Is 2008 The New 1964? [John Derbyshire]
There's a Pro-Ron-Paul meme going around, to the effect that 2008 is the new 1964; i.e. that on the premise—debatable in itself, of course—that the GOP has no chance of winning the presidency next year, conservatives should run a Goldwater-style insurgency to remind the party we're here & set up some influence for 2012. Bruce Bartlett floated the meme here.
I got a thought-provoking e-mail along similar lines (one of dozens like it I've had on that Paul column) from Ben Novak, who lists himself as "founder of the Americans in Europe for Ron Paul Meet-up Group in Bratislava, Republic of Slovakia." Blimey. Well, here's what Ben says.
"Mr Derbyshire—-Recently you wrote an eloquent article titled the 'Ron Paul Temptation ,' about how tempted you were to support him. However, you concluded by fighting off the temptation, writing that '[Ron Paul's] candidacy belongs in the realm of dreams, not practical politics. But, oh, such sweet dreams.' A Ron Paul candidacy does inspire sweet dreams. But, rather than writing Ron Paul off for that reason, I suggest that there are a multitude of reasons why you—and a lot of other Americans—should follow your dream.
"Let us begin with the worst case scenario, which is that Ron Paul, if nominated, has no chance of winning the election. I suggest that this is one of the strongest reasons to make him the Republican nominee.
"There have been at least two times in the history of our Republic when the losing candidate for president has had a greater effect on subsequent history of his party and country than the winner. Such was the case in 1928 when the Democratic party had the guts to nominate Al Smith; and again in 1964 when the Republican party nominated Barry Goldwater. Both changed the face of American politics for generations after.
"In regard to Ron Paul, I suggest that his candidacy, like the hopeless candidacies of Smith and Goldwater, would do more to focus the debate about the importance of our founding principles—about who we as a people are, and what our real interests are—than any other Republican or Democrat running.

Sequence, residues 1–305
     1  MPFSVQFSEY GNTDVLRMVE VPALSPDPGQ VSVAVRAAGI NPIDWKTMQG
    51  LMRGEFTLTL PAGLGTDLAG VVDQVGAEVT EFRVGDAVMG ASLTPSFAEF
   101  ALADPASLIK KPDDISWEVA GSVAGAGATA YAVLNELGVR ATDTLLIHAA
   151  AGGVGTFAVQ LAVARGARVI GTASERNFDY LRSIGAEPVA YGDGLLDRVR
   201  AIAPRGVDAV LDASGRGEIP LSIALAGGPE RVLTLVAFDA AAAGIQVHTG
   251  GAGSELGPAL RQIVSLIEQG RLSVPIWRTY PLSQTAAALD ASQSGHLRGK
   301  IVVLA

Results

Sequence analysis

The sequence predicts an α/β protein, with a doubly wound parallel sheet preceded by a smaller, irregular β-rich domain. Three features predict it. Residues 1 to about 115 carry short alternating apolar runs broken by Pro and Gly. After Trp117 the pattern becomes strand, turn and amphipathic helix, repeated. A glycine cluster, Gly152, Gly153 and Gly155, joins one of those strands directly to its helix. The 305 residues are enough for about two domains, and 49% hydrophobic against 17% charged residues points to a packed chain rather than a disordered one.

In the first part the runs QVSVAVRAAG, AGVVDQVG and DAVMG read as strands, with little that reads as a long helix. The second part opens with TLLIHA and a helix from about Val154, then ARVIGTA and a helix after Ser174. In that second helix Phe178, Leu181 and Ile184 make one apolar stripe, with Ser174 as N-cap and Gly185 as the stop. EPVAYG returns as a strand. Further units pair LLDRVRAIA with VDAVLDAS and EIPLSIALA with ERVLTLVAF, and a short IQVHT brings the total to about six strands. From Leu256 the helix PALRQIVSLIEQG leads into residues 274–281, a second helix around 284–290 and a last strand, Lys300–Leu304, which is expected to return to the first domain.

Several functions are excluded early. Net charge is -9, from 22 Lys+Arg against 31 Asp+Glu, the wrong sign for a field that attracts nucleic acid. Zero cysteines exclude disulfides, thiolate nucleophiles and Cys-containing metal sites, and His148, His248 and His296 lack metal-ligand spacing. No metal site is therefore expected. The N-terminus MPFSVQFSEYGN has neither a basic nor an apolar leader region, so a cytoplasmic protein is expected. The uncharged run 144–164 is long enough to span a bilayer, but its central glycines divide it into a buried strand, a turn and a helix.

"Let's consider the stifling bureaucracy that you so clearly describe in your article. Not one of the other candidates can do a thing about it once elected, without a real campaign discussion of it. Indeed, despite all the rhetoric, under Reagan, Bush I and Bush II, the size of government, its intrusion into our lives, the entangling web of federal programs and the budget deficit all grew immensely. Only a Ron Paul candidacy has any hope of focusing on fundamentals again, cutting through the web of confusion surrounding them, and eliciting any new, creative thought. All the others will just complain about it, but accept it as the only way to do business in Washington—which is the main point in your article. But only a Ron Paul candidacy has any chance of challenging and bringing into question the 'business as usual' attitude of the K Street lobbies, pork-barrel congressmen, and the spiraling bureaucracy.
"That brings us to another issue about why Ron Paul's candidacy is important. Consider the nature of the people in Washington politics today. What we have is an army of office seekers making their best bets on who will provide them with berths in the bureaucracy after the election. Their only real principles are getting power and making whatever cabinet post or bureaucratic niche they are rewarded with grow bigger. Only Ron Paul has the ability to bring a new group of people into politics, people who are committed, like the Goldwater activists of 1964, to taking a different approach to government. Only a Ron Paul candidacy has any hope of bringing new blood and new ideals into politics.